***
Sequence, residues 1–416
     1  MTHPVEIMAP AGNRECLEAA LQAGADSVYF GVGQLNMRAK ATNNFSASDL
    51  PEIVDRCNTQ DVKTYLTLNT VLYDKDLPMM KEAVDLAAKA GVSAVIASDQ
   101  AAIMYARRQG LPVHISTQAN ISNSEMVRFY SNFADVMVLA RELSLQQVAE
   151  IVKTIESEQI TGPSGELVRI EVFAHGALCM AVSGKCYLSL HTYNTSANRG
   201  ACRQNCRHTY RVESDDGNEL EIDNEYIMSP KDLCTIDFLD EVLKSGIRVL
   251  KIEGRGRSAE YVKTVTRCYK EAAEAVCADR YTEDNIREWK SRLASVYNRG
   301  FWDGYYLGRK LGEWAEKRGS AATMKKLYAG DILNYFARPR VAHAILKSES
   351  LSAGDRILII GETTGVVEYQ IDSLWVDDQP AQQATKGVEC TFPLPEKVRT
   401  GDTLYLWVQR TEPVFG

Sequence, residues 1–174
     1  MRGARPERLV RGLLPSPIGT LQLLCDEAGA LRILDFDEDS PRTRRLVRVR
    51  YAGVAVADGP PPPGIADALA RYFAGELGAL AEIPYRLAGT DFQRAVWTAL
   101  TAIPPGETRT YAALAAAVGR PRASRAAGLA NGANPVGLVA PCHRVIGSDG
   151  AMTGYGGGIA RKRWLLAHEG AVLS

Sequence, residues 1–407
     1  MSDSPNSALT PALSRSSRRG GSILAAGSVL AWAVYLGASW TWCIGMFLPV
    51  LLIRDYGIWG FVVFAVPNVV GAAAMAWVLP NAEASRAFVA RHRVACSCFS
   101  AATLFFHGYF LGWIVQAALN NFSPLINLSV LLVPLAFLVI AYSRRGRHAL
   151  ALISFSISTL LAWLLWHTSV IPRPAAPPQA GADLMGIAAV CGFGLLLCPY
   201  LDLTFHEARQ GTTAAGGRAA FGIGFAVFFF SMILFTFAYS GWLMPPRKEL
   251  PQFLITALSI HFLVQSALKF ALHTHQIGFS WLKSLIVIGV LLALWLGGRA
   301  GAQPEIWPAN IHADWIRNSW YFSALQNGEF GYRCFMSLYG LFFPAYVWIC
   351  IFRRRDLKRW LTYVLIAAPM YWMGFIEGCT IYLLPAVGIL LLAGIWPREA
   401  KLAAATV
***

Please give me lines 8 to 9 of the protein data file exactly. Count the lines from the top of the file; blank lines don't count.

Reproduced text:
   301  FWDGYYLGRK LGEWAEKRGS AATMKKLYAG DILNYFARPR VAHAILKSES
   351  LSAGDRILII GETTGVVEYQ IDSLWVDDQP AQQATKGVEC TFPLPEKVRT